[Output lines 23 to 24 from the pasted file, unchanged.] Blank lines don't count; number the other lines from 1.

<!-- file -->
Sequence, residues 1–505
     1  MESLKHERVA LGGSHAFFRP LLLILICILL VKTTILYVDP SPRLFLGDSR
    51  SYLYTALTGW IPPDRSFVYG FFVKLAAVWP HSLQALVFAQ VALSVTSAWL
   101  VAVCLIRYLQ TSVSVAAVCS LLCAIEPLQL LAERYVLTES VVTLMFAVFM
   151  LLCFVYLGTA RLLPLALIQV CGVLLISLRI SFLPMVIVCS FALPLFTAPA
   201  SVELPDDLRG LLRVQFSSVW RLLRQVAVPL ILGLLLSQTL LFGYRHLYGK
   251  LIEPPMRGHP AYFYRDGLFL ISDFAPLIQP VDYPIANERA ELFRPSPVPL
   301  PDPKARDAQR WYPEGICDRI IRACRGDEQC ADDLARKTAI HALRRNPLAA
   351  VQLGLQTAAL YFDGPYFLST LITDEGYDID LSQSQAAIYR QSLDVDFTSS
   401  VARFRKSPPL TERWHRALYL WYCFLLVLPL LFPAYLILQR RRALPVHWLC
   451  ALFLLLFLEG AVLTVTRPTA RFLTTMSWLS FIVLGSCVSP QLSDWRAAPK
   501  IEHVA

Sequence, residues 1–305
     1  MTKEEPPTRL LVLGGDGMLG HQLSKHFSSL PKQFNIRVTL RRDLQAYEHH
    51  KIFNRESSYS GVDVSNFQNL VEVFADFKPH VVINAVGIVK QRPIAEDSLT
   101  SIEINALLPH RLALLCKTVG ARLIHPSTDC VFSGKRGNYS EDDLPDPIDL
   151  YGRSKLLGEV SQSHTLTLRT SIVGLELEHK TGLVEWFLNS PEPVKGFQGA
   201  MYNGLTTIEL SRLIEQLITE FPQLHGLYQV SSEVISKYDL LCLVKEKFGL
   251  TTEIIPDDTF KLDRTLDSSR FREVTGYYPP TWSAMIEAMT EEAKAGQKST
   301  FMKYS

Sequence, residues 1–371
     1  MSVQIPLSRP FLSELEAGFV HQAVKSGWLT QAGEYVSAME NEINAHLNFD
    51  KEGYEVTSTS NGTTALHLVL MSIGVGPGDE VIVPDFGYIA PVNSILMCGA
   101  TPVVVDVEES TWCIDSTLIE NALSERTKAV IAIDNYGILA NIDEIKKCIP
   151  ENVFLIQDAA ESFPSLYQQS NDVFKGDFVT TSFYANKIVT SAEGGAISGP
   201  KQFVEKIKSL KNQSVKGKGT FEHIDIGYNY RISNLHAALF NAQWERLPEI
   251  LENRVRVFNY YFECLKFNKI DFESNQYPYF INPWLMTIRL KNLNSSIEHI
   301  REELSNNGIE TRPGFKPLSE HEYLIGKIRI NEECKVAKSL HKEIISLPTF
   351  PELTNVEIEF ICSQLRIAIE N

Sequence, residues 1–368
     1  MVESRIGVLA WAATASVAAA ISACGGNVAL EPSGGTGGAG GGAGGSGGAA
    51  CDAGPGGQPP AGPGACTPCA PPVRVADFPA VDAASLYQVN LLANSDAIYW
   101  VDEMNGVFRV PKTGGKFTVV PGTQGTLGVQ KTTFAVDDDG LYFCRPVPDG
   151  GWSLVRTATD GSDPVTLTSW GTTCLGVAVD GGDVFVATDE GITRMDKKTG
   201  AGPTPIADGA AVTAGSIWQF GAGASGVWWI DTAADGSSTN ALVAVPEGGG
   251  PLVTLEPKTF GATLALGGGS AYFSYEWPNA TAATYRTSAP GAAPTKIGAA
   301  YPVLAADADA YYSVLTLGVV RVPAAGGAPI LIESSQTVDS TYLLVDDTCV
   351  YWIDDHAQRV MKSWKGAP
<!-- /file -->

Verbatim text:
    51  KEGYEVTSTS NGTTALHLVL MSIGVGPGDE VIVPDFGYIA PVNSILMCGA
   101  TPVVVDVEES TWCIDSTLIE NALSERTKAV IAIDNYGILA NIDEIKKCIP